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Recapping Armando Carneiro's Brief Time with Orlando City

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Following the recent changes at Orlando City, it's time to look at what happened and what's to come now that the Lions' Chief Soccer Officer has stepped down after only 55 days in office.

Notícias Ao Minuto

It's been a very tumultuous two months for Orlando City. Ever since the beginning of November, there have been changes aplenty throughout the organization, which all started on Nov. 3. Armando Carneiro, formerly of SL Benfica, was brought on as the Chief Soccer Officer for the Orlando City organization, overseeing all three Orlando teams and their operations.

Originally this was thought to be a big get for the organization, after Carneiro's prominent work with Benfica's academy. However, over the next 55 days, opinions began to change drastically. Here's a timeline of everything that happened within the Orlando City organization from when Carneiro took over until Monday, when the news came along that he had resigned from his position for personal reasons.

Nov. 3: Carniero hired as Chief Soccer Officer.

Nov. 9: Mason Stajduhar signs Homegrown deal with Orlando City SC.

Nov. 13: Thierry Graça, Benfica B goalkeeper, was brought on trial with Orlando to play in Brazil against Flamengo.

Nov. 25: Tally Hall and Lewis Neal were among those not retained by the organization, having their contract options declined.

Dec. 8: Brazil defender Mônica was brought in for Orlando Pride.

Dec. 9: Orlando City and General Manager Paul McDonough mutually agree to part ways.

Dec. 10: Australian Women's National Team defender Steph Catley was acquired by Orlando Pride from Portland Thorns via a trade for keeper Adrianna Franch and a third-round pick in the 2016 College Draft.

Dec. 16: Former MLS winger Khano Smith was hired as an Orlando Pride assistant coach.

Dec. 17: Midfielder Rebecca Edwards and defender Kristen Edmonds were traded from Western New York Flash to Orlando Pride for a 2016 second-round draft selection and a 2017 first-round draft selection. Also, defender Kevin Alston was selected in the second round of the MLS Re-Entry Draft for Orlando City and Lewis Neal joined Orlando City B in an extended role.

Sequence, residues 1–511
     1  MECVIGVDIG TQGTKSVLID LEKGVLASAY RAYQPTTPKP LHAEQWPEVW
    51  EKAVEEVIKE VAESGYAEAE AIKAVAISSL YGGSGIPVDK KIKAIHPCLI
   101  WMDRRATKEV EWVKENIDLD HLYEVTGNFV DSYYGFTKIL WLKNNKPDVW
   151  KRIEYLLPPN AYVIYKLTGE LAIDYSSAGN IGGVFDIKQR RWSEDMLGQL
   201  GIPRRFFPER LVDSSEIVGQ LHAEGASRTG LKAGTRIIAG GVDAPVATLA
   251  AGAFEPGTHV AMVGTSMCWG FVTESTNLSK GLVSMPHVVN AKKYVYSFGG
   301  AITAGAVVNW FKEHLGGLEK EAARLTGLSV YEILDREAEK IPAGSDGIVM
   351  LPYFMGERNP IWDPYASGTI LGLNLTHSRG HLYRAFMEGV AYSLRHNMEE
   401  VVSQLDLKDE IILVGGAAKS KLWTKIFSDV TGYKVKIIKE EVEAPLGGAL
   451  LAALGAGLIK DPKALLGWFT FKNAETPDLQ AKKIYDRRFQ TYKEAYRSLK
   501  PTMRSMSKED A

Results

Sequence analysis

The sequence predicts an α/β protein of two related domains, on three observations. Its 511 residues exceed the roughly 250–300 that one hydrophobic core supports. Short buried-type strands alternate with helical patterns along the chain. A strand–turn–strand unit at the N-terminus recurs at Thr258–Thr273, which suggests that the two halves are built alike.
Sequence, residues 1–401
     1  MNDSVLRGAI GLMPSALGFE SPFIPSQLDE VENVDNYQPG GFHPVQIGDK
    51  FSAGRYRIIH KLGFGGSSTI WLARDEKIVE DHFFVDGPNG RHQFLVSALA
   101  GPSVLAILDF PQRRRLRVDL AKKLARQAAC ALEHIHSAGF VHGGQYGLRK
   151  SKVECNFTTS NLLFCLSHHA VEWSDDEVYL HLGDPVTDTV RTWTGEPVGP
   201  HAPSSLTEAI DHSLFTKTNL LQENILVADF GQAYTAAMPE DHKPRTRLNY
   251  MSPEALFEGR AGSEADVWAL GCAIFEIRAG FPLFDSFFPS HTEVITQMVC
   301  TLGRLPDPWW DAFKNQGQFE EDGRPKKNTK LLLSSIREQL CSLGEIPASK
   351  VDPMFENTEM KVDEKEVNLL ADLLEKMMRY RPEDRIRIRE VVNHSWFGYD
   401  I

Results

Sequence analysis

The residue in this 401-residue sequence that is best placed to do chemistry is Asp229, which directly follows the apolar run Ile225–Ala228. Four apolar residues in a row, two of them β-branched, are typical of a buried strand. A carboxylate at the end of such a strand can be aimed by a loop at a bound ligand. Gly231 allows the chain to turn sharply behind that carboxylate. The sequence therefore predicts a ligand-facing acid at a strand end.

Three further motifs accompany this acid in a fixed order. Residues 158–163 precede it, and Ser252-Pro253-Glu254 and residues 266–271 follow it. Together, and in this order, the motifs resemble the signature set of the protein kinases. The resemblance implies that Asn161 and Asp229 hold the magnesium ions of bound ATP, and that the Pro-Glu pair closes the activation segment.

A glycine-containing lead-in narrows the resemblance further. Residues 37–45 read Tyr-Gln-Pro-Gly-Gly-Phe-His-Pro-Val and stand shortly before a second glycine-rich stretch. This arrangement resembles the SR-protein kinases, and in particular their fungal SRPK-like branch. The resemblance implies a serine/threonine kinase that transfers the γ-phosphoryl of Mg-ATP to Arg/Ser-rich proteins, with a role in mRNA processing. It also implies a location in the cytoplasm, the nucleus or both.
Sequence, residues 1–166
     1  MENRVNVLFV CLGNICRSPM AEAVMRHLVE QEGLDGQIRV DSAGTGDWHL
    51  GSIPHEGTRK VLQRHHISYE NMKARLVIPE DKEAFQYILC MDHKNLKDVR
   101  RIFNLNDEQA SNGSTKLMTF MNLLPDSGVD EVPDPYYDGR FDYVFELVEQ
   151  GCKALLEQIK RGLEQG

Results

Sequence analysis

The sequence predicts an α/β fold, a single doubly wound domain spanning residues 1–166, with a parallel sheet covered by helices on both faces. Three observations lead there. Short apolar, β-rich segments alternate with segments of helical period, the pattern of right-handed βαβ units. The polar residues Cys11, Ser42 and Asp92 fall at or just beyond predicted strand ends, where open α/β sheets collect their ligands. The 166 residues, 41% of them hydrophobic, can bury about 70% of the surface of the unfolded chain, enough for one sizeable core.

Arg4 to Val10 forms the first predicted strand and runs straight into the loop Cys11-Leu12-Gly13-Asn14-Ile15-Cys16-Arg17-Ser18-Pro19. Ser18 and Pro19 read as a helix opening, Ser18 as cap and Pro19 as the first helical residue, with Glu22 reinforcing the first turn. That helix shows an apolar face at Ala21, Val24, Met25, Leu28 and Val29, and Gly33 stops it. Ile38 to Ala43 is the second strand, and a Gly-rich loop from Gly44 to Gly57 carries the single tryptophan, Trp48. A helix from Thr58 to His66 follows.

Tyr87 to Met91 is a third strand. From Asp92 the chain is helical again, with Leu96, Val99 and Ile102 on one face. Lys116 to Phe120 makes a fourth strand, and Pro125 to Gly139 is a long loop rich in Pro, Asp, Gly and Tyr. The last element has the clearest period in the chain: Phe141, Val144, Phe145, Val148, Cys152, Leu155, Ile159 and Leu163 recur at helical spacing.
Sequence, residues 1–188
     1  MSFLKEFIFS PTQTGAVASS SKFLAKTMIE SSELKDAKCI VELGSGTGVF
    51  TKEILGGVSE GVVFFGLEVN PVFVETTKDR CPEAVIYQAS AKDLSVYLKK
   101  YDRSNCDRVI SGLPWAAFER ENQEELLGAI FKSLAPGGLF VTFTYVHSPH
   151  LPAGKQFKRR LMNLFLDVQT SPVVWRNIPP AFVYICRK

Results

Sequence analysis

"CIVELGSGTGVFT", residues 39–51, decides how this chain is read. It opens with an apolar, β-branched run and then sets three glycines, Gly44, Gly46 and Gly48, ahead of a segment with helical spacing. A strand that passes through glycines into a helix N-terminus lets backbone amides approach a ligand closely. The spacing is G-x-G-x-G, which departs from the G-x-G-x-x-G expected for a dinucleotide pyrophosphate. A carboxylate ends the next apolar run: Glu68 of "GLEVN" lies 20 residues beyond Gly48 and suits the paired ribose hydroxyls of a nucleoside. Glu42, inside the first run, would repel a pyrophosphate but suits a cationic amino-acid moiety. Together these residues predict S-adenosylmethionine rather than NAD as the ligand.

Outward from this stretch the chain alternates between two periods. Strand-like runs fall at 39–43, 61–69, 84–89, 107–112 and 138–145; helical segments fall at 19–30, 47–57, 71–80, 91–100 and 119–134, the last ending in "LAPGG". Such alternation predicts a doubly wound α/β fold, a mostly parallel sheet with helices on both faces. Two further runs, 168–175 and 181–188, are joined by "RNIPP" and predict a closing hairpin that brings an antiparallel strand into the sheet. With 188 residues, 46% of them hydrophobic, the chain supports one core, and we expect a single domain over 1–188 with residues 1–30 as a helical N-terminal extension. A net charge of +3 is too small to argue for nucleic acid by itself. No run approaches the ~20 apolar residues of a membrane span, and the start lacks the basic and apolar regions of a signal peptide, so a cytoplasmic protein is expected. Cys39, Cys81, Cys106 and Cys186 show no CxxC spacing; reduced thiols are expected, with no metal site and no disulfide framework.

Dec. 18: Assistant Coach Ian Fuller's contract was not renewed.

Dec. 21: Goalkeeper Joe Bendik was acquired from Toronto FC for a conditional fourth-round selection in the 2017 SuperDraft.

Dec. 23: Longtime Orlando goalkeeper coach Marcos Machado moved to Orlando Pride while Stewart Kerr joined Orlando City in the same role, coming from Toronto FC.

Dec. 28: Carneiro steps down as Chief Soccer Officer, citing personal reasons for his departure.

Now, after less than two months with its CSO, as the team enters 2016 without a full-time GM at the helm.

During Carneiro's short-term stay with Orlando, it never seemed like it was destined to work out. From the first day he was brought in, there was an uneasy feeling. Sources with knowledge of the situation said that Carneiro made a poor first impression on some members of the staff and wasn't open to others' ideas. This direction led to some moves that were at times questionable and at other times hurtful to the supporters groups.

While some could see Carneiro leaving as a positive, since some of the moves he made were not viewed favorably, he has left the club in a very unwelcome situation. While longtime president Phil Rawlins will be the one to temporarily take over the Carneiro's duties, he is not a full-time general manager. While I don't doubt that Rawlins can do a good job in the interim, it hurts the club going into the MLS primary transfer window without an experienced GM at the helm. Whatever you may think of Carneiro, he at least he had some experience making roster moves and signing players, even if it wasn't in MLS.

On the other side of things, Carneiro leaving is indeed a positive in some respects. With Rawlins pulling the strings, he can work closely with his countrymen Adrian Heath, Tom Sermanni and Anthony Pulis to put together rosters that the coaches want to have, rather than players that may be forced upon them. Rawlins also has some contacts he has made over the years and has strings he can pull to entice certain players to come to Orlando. It will be more of a team effort to sign players for the time being, which I'm sure a lot of people don't mind seeing.

Regardless of how things are perceived after Carneiro's short stint in Orlando, the one thing that can be agreed upon is that the club will have a new beginning in 2016 and, for better or worse, it's up to the main faces of the franchise to get things back on track.